3. What are the consequences of climate change?
In the future, if the Paris Agreement goal is not reached, limiting the increase in global temperature to 2 °C or less from its pre-industrial level could lead to catastrophic events. Among them the increase in the level of seas and oceans, with serious consequences for island and coastal populations, forcing huge migrations of people and wildlife. The melting of glaciers and other frozen formations are the causes of the increase in the level of the oceans. This, although so far has been measured in fractions of millimeters per year, with 0.4 mm per year since 1993, in the future could exceed several meters if the temperature on the planet continues to rise.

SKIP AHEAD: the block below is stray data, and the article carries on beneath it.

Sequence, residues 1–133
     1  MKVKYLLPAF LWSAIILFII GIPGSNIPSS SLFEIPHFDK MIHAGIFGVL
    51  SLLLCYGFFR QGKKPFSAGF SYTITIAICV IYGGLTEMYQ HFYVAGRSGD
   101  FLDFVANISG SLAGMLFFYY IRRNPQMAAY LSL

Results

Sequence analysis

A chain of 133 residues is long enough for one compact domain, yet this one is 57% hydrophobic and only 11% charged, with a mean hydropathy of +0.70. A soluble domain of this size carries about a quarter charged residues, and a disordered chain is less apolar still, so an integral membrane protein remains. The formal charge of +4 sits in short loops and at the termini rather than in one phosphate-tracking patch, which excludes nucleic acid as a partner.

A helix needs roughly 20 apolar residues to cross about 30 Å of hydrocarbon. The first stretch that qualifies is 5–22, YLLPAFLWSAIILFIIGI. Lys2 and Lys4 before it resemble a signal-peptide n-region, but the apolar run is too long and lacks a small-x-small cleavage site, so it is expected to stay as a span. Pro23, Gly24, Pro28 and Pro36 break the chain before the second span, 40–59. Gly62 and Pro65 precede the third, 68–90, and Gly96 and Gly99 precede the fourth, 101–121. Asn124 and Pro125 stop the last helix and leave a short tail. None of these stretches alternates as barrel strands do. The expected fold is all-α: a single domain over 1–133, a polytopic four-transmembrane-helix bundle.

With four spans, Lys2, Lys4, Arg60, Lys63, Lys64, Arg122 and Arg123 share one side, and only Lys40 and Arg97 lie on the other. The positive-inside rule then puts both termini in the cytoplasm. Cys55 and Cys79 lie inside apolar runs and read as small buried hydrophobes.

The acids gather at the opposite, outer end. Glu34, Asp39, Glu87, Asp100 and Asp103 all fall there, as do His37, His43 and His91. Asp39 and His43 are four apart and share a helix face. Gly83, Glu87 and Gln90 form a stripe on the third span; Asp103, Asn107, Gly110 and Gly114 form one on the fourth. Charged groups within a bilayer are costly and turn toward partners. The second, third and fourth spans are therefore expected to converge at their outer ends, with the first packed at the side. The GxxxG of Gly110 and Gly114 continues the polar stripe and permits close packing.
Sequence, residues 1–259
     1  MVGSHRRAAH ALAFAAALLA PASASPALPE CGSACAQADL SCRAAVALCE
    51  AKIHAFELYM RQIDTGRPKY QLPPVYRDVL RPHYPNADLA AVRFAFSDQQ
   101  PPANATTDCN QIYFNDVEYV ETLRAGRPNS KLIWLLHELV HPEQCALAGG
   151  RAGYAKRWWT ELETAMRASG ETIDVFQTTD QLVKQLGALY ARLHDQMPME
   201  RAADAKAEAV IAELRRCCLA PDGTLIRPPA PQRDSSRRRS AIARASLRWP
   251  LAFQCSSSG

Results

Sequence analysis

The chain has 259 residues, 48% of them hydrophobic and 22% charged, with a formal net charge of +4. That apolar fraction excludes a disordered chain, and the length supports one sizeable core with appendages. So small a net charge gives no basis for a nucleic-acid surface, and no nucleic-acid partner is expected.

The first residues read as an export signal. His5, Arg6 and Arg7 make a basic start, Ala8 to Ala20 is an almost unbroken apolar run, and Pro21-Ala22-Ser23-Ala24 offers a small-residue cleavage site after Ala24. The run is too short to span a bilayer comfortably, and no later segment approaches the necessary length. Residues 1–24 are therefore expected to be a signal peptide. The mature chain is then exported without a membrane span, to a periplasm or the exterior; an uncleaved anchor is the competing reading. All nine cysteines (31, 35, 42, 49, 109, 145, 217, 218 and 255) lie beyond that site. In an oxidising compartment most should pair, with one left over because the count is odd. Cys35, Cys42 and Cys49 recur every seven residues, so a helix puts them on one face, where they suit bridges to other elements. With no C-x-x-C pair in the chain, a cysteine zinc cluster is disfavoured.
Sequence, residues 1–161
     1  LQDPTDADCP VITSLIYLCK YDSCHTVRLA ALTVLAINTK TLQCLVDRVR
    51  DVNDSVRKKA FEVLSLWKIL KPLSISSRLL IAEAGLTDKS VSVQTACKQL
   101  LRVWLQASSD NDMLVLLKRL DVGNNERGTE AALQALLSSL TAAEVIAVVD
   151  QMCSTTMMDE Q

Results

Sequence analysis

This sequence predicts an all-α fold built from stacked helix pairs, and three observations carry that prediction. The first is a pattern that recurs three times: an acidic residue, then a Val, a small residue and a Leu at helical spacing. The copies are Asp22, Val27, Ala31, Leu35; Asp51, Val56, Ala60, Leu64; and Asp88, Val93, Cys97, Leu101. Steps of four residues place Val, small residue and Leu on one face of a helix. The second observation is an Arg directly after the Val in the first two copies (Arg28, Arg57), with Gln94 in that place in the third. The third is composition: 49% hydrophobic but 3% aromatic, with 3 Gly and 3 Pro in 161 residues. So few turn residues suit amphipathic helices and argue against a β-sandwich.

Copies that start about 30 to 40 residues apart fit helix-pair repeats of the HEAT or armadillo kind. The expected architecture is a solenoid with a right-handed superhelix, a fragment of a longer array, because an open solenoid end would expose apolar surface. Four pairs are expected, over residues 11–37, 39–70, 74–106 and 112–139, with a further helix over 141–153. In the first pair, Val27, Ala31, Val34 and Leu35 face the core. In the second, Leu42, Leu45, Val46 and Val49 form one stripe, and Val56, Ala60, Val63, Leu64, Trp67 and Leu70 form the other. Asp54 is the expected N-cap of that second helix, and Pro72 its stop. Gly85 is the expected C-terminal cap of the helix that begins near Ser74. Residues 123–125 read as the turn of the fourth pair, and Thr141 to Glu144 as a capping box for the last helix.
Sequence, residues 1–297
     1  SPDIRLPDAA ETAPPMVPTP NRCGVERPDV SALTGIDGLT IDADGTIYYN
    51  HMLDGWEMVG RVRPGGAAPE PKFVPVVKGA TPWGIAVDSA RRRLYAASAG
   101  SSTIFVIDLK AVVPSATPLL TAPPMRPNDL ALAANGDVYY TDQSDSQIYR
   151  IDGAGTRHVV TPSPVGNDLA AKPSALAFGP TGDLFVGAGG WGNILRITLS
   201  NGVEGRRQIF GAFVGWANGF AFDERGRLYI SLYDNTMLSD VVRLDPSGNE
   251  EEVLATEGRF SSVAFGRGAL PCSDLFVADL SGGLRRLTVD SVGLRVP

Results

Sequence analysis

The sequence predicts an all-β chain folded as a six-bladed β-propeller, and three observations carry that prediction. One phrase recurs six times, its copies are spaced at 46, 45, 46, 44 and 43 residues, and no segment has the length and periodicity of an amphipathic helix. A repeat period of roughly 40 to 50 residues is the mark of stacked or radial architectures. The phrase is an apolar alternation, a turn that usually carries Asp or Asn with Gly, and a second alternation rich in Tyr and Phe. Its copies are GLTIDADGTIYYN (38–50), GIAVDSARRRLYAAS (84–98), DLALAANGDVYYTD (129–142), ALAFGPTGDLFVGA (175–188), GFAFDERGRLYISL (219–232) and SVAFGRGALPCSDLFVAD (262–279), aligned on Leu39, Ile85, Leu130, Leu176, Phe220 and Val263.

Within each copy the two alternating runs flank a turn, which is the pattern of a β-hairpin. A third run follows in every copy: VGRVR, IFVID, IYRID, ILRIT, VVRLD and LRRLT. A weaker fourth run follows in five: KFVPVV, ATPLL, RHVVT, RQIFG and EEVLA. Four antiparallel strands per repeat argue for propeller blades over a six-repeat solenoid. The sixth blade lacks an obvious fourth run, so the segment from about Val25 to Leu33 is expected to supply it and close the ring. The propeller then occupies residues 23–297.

The increase in rainfall in some places, and decrease in others, would have important consequences in the affected regions. In the first case, we would witness floods of large proportions, which in extreme cases could even form new aquatic spaces. In the second, the prolonged droughts would produce the expansion of existing deserts and even the formation of new sands, punished by low rainfall. Another consequence of climate change is the acidification of the oceans, which causes damage to reefs, phytoplankton and marine fauna. Finally, the most serious consequence of climate change would be the mass extinction of species.